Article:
Règle correspondante
Sweden
Practice Relating to Rule 15. The Principle of Precautions in Attack
Sweden’s IHL Manual (1991) states that the precautions in attack “have come about only to protect the civilian population, individual civilians and civilian property in connection with military operations, and particularly when planning, deciding upon and executing attacks”. 
Sweden, International Humanitarian Law in Armed Conflict, with reference to the Swedish Total Defence System, Swedish Ministry of Defence, January 1991, Section 3.2.1.5, p. 68.
In 2010, in its objection to the reservation by the United States of America to the 1980 Protocol III to the Convention on Certain Conventional Weapons, Sweden stated:
It should be underlined that all States are under an obligation to take feasible precautions before an attack. This follows from customary law and from treaty provisions … The duty to take feasible precautions does not remove the obligation to ensure that specific treaty obligations are fulfilled. 
Sweden, Objection to the Reservation by the United States of America to the 1980 Protocol III to the Convention on Certain Conventional Weapons, 2 February 2010, p. 13.
In 2009, during a debate between party leaders in Parliament, Sweden’s Minister for Education and Research stated: “Israel has the right to self-defence but armed defence must be used in such a way so as to avoid civilian casualties.”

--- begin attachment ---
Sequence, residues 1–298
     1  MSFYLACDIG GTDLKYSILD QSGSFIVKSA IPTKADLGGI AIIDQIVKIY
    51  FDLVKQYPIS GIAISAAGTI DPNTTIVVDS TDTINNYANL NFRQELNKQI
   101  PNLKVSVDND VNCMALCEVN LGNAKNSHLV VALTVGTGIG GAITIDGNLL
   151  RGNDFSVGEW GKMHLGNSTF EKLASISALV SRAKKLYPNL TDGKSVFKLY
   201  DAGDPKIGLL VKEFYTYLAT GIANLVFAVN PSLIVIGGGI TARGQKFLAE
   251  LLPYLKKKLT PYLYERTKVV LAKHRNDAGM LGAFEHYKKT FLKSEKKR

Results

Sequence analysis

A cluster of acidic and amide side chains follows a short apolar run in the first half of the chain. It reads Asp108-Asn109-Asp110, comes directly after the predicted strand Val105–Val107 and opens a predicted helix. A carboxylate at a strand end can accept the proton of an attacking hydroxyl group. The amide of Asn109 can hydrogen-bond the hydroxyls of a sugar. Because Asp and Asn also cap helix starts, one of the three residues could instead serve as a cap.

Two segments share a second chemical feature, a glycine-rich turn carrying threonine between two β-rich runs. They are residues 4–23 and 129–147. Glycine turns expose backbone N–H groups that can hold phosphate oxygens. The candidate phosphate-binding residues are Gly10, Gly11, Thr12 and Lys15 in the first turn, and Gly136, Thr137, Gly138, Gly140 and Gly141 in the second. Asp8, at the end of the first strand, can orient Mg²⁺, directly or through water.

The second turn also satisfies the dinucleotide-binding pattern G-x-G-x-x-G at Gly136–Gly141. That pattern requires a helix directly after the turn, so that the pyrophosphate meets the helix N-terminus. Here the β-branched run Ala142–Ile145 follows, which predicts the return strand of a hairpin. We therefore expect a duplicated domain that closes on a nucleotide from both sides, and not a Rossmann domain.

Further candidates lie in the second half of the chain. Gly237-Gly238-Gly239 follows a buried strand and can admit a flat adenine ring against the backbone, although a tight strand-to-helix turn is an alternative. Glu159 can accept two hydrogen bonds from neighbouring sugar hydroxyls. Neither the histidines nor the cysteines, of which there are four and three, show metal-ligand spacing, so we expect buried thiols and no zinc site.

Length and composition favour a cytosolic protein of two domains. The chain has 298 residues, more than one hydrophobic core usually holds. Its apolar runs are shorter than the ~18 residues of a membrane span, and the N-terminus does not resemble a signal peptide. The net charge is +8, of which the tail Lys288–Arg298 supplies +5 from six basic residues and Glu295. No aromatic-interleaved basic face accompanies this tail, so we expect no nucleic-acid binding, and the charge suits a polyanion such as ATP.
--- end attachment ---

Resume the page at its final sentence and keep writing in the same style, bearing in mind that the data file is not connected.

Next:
Sweden, Statement by the Minister for Education and Research during a debate between party leaders in Parliament, Parliamentary Protocol 2008/09:56, 14 January 2009, p. 24.
Sweden’s IHL Manual (1991) states that the obligations to take precautions in attack “apply only as far as available resources for collection and processing of information permit”. The manual adds:
A planning commander must, to be able to decide upon an attack, have access to the best possible information about the objective. The decision should be based upon the information available to the commander at the time of deciding. 
Sweden, International Humanitarian Law in Armed Conflict, with reference to the Swedish Total Defence System, Swedish Ministry of Defence, January 1991, Section 3.2.1.5, pp. 70–71.